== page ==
ORLANDO, Fla. — When you’re watching Weather On The Ones on Spectrum News 13, you hear us talk about what it “feels-like” in comparison to the actual air temperature.
- Heat index air temp to amount of moisture in the air
- Higher to humidity, temp, the hotter it feels on your skin
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So what is the “feel-like” temperature we often refer to?
It is the heat index. It combines the actual air temperature to the amount of moisture, or humidity, in the air.
The higher the humidity and the higher the temperature, the hotter it actually feels on your skin.
When you sweat and the humidity is low, your body is able to cool itself down on its own through the evaporation of the sweat.
It is like when you get out of the shower and the air inside your house is dry, the water evaporates leaving you feeling cool.
The same happens when you’re outside exercising or working outdoors.
During the summertime, it is always hot in central Florida, but in the summer sometimes, it does feel hotter than normal.
Not necessarily, because temperatures are well above their averages and breaking records, but due to the higher humidity.
When dew point temperatures start to exceed 75 degrees, the air feels oppressive the moment you step outside.
Now combine that high humidity with our Central Florida summertime heat that is typically in the low to mid-90s.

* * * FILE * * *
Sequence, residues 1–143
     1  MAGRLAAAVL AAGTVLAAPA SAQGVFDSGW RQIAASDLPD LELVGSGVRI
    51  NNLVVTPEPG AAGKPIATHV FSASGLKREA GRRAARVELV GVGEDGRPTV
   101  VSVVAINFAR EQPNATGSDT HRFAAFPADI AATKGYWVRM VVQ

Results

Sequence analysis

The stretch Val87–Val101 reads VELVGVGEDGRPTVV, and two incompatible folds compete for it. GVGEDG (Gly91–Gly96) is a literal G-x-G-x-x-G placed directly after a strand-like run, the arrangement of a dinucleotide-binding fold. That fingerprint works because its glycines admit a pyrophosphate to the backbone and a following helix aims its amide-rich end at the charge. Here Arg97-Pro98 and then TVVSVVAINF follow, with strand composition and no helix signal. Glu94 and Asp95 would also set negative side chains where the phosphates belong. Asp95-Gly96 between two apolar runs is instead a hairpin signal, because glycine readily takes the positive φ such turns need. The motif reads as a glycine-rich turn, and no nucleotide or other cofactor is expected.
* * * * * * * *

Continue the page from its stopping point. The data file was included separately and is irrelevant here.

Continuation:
The heat index or the “feel-like” temperature will often exceed 100 degrees.
This high humidity then prevents your body from being able to cool itself down through the evaporation of your sweat.
If your body can’t cool itself down, you’ll start to use more energy and potentially over work yourself to the point that you suffer from heat exhaustion or a heat stroke.
That’s why it’s always important to remember the heat safety tips, such as drinking water, taking breaks in the AC or shade, wearing lightweight clothing and not overexerting yourself during the peak heating of the day in the afternoon.
Heat is the number one weather-related killer in the U.S.
On average, 136 people die from heat related causes each year in the U.S. In 2018, there 108 deaths attribute to the heat.
The second leading weather killer is flooding.
Here are some signs that you or someone may show if suffering from heat exhaustion, or even worse, a heat stroke.